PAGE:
Firebaugh, Millard S. Center for Energetic Concepts Development, Department of Mechanical Engineering, University of Maryland, College Park, Maryland.
Last reviewed:May 2019
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- Hull resistance
- Hull and arrangement
- Pressure hull
- Main ballast tanks
- Fire control
- Electronic warfare
- Atmosphere control
- Torpedo firing
- Missile launching
- Escape system
- Additional Readings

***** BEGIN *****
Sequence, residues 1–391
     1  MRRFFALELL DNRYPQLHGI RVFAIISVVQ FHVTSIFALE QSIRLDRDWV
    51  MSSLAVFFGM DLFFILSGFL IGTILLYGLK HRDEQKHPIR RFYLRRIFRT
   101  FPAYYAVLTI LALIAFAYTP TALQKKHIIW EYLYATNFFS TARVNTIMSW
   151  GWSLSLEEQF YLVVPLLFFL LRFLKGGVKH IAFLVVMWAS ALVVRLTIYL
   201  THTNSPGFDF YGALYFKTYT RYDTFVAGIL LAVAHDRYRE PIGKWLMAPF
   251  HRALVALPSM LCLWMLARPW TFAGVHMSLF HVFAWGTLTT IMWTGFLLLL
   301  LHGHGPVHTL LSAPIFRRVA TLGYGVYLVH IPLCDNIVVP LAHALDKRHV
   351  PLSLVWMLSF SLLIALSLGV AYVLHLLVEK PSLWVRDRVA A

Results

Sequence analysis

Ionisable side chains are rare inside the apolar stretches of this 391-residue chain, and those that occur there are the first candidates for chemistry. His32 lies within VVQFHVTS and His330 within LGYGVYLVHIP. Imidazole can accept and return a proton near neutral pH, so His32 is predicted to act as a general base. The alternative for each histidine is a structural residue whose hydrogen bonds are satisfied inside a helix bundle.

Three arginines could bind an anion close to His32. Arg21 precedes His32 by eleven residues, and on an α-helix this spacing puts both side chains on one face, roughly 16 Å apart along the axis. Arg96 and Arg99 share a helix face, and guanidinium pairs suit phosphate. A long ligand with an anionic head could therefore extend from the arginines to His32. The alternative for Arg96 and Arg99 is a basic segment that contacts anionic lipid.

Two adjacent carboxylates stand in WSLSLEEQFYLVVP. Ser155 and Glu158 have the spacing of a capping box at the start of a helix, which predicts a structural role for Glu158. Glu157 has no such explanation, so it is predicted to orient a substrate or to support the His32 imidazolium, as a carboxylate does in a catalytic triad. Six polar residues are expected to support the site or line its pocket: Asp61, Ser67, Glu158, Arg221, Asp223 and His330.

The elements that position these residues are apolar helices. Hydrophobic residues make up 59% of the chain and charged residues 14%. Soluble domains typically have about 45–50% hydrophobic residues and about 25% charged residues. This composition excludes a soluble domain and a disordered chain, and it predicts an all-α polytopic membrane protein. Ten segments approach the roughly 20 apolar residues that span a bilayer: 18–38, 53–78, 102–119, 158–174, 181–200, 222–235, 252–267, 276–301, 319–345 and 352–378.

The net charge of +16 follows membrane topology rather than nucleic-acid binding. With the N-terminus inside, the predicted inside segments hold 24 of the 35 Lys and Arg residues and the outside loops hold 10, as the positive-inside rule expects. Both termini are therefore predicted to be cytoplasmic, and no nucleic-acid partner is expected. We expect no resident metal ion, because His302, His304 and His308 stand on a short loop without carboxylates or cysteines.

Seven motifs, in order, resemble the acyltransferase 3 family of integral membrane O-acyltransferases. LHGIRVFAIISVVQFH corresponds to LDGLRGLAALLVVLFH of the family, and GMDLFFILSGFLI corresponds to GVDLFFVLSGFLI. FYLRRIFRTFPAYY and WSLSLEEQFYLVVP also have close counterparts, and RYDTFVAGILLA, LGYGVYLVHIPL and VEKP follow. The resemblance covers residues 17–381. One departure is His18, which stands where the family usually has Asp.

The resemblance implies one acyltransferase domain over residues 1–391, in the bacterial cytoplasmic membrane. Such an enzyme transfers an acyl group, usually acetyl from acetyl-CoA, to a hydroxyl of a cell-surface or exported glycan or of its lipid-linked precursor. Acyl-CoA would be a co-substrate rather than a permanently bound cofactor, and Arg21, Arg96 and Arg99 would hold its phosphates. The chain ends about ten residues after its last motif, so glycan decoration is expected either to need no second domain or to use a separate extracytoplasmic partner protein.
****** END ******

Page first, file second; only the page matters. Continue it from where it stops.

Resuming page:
A ship that can operate completely submerged in the water. The term "submarine" formerly applied to any ship capable of operating completely underwater, but now usually describes a ship built for military purposes (Fig. 1). The expected military uses of submarines are to attack enemy naval forces, including other submarines; to attack merchant shipping; to strike targets ashore either in a tactical engagement using cruise missiles or in a strategic engagement delivering ballistic missiles; to gather intelligence covertly; and to insert clandestine forces ashore. The salient point of a submarine is to exploit its inherent stealth by virtue of being invisible by sight or radar underwater. See also: Ballistic missile; Guided missile; Radar; Water
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